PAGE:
Twitter will pay a $150 million fine and implement new measures to settle federal regulators’ charges the social media platform failed to protect users’ data privacy during a six-year period.

On Wednesday, May 25 the Justice Department and the Federal Trade Commission announced a settlement with Twitter.

Twitter was accused of violating a 2011 FTC ruling by misleading users about how well it maintained and safeguarded the privacy and security of their nonpublic contact information.


FTC Chair Lina Khan said: “Twitter obtained data from users on the pretext of harnessing it for security purposes but then ended up also using the data to target users with ads.

“This practice affected more than 140 million Twitter users, while boosting Twitter’s primary source of revenue.”

From May 2013 until September 2019, Twitter informed users that their phone numbers and email addresses were being collected for account security purposes.

However, it neglected to disclose that it would also utilize the information to enable corporations to send targeted online advertisements to the users.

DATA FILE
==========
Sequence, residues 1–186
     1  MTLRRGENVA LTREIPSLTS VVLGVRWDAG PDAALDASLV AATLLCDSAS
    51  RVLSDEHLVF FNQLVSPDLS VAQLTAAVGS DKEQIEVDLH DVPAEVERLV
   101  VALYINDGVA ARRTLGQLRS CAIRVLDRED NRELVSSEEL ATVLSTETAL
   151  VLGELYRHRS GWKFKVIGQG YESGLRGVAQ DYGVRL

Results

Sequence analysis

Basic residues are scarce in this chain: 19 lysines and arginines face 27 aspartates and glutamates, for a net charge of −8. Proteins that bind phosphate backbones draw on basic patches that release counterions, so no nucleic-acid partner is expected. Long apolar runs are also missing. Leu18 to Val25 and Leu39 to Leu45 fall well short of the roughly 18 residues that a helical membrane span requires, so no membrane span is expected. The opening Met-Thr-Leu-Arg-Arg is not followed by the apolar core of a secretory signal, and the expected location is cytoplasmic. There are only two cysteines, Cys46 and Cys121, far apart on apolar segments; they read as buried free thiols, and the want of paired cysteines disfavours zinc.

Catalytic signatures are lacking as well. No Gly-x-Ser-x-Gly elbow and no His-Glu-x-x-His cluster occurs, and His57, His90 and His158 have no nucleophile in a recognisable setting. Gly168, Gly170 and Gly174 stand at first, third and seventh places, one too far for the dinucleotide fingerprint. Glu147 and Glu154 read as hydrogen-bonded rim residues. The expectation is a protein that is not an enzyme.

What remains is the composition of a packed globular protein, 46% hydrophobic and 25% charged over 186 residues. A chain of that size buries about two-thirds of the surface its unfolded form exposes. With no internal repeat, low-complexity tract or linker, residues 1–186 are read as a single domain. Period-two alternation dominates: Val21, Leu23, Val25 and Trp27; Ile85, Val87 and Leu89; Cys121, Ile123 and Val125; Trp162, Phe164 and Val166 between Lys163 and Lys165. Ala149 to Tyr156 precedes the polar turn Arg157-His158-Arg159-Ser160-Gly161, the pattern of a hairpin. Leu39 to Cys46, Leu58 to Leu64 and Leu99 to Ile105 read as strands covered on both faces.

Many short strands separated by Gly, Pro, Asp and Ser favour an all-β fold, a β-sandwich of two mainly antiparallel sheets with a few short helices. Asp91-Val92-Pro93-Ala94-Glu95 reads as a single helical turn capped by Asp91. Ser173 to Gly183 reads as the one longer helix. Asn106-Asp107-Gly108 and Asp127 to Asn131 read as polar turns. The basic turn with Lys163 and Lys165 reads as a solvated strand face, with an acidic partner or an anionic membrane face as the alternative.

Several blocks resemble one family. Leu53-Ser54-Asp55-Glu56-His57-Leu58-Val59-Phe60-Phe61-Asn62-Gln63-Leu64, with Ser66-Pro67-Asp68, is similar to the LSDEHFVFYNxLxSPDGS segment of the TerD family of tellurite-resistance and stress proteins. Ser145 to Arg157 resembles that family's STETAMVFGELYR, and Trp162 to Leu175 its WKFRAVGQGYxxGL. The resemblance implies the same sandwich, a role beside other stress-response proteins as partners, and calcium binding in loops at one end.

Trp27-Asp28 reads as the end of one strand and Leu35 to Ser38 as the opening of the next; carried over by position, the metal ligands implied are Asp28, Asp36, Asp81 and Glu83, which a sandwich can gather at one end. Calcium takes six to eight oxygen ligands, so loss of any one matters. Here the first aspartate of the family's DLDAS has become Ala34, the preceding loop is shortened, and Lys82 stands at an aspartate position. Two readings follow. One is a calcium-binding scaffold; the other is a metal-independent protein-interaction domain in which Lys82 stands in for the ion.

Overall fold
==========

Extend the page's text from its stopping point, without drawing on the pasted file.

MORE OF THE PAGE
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The regulators also claimed that Twitter fraudulently stated it conformed with US privacy accords with the European Union and Switzerland, which prevent companies from processing user information in ways that contradict the objectives authorized by users.

The settlement’s $150 million fine and additional compliance measures must be authorized by a federal court in California.

The FTC’s 2011 order had claimed major flaws in Twitter’s data security that allowed hackers to obtain unlawful administrative control of the platform, including access to nonpublic user information.

Source: Register Citizen

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